In the Gouy-Chapman treatment, the ions on the diffuse layer are considered point charges. Stern modified the double-layer theory to account for specific adsorption of ions as well as for the fact that ions have a finite size. This theory proposed a division of the double layer into two parts by a plane called the Stern plane. Ions with centers located within an ionic radius of the particle surface are in the inner part of the double layer. The ions located beyond the Stern plane are in the diffuse portion of the double layer, where the Gouy-Chapman treatment is considered to be applicable. The potential changes from to 4V Figure 5 shows schematic of Stern's representation of the electrical double layer.

Fig. 5 Representation of Stern's electrical double layer. Source: Ref 4

In the presence of specific adsorption, either co-ion or counter-ion adsorption can occur. The Stern potential is either reduced or reversed with respect to the surface potential, as shown in Fig. 6. The Stern potential can be determined by electrokinetic measurements. Electrokinetic behavior depends on the potential at the surface of shear between the charged surface and the electrolyte solution (Ref 4). This potential is called the zeta potential |C |. The exact location of the shear surface is unknown, but it is accepted that it is located very close to the Stern plane. Therefore, it is usual to assume identity between and C. The zeta potential is a property that can be readily measured, while the Stern potential cannot. For this reason, zeta potential values are used in determining material surface properties.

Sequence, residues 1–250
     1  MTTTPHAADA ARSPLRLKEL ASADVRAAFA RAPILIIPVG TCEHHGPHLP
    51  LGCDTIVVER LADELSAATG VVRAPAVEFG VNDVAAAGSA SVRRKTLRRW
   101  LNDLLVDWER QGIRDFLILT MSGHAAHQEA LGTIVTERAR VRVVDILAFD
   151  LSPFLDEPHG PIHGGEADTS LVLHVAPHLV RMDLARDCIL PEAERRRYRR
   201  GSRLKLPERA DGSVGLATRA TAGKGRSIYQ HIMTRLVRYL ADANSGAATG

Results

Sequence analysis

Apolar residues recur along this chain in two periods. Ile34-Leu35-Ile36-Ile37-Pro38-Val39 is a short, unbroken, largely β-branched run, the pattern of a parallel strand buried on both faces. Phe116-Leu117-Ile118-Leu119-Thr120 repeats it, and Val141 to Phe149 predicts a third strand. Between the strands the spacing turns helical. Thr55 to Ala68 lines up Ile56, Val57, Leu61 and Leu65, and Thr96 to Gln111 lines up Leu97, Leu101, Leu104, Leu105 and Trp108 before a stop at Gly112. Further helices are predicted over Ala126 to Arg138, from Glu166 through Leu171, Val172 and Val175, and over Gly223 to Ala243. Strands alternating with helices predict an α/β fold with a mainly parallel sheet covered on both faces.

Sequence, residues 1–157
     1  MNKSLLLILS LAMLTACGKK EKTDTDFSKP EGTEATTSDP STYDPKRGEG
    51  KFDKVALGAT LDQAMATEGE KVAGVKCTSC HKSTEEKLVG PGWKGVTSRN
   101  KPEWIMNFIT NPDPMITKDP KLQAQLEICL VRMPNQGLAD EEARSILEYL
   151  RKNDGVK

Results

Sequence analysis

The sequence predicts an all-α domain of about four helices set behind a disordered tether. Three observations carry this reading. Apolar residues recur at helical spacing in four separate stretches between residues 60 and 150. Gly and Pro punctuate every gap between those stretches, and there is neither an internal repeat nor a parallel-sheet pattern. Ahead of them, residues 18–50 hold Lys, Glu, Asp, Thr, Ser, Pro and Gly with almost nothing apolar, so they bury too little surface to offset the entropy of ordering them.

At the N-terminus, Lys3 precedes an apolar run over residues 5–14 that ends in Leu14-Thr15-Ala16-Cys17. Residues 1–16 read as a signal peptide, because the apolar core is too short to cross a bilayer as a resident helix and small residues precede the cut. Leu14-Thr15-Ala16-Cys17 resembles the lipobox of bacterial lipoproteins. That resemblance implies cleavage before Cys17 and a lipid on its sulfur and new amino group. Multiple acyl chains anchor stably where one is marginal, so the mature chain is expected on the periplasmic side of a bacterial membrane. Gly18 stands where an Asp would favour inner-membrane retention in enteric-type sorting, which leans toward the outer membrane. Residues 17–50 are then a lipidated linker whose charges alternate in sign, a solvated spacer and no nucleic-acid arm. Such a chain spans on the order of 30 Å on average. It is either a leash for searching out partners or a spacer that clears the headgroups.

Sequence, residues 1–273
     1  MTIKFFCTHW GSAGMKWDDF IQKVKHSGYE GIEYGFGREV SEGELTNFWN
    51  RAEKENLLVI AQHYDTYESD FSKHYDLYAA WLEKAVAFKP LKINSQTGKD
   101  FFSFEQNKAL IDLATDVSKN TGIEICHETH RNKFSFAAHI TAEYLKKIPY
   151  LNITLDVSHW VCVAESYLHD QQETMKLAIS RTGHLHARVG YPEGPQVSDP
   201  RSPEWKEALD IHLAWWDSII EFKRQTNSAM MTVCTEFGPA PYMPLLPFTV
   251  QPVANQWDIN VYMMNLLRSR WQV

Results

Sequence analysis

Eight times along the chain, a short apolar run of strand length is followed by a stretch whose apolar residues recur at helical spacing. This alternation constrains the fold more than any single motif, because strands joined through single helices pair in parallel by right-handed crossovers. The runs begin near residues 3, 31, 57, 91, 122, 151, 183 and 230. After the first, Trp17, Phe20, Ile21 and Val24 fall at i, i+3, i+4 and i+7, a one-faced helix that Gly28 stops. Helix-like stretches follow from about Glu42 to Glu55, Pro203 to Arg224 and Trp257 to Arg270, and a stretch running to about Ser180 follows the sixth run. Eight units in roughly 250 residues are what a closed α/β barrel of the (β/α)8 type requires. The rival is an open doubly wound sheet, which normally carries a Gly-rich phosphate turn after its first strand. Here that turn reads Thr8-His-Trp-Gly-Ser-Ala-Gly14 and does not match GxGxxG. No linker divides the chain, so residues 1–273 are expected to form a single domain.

Fig. 6 (a) Reversal of charge due to adsorption of surface-active counter-ions. (b) Adsorption of surface-active co-ions. Source: Ref 4

DVLO Theory. The stability of colloidal-sized particles depends essentially on the balance of attractive and repulsive forces surrounding the suspended particle. A quantitative theory enabling determination of stability was developed independently by Deryagin and Landau and Verwey and Overbeek and is called the DVLO theory. According to this theory, the total interaction between particles is the sum of two contributions, VR, the repulsive part due to the overlapping of double layers, and VA, the attractive portion resulting from Van der Waals attraction (Ref 4, 7, 8):

Figure 7 shows total interaction energy curves. The repulsive forces are an exponential function that is effective on the range of the double layer. It is positive for all values of distances between the two particles. The attractive forces, on the other hand, decrease as the inverse power of the distance between the particles. At very small distances, the attractive potential becomes very negative, forming the potential energy well described as the primary minimum. When particles lie at this distance, they typically form very strong aggregates that cannot be broken up under normal shear conditions. As the distance between these particles increases, the repulsive forces start taking over and a maximum energy barrier results. The magnitude of this barrier depends on the concentration of electrolyte present. A secondary minimum develops at large separation distances between particles. The attractive forces dominate at this distance, leading to a potential well. In order for flocculation of particles to occur, the energy barrier between particles should be either very small or very big. One way in which an energy barrier may be reduced is the presence of a significant amount of electrolyte that will cause a compression of the electrostatic double layer between particles and allow for Van der Waals forces to dominate between particles. A more detailed review of this theory can be found in Ref 4 and 7.

Fig. 7 Total interaction energy curves, V(1) and V(2), obtained by the summation of an attractive curve, VA, with different repulsion curves, VR(1) and VR(2). Source: Ref 4